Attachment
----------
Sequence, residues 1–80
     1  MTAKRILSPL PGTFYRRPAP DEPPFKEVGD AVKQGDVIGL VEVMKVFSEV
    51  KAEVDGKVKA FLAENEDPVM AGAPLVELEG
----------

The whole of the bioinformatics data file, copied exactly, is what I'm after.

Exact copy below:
Sequence, residues 1–80
     1  MTAKRILSPL PGTFYRRPAP DEPPFKEVGD AVKQGDVIGL VEVMKVFSEV
    51  KAEVDGKVKA FLAENEDPVM AGAPLVELEG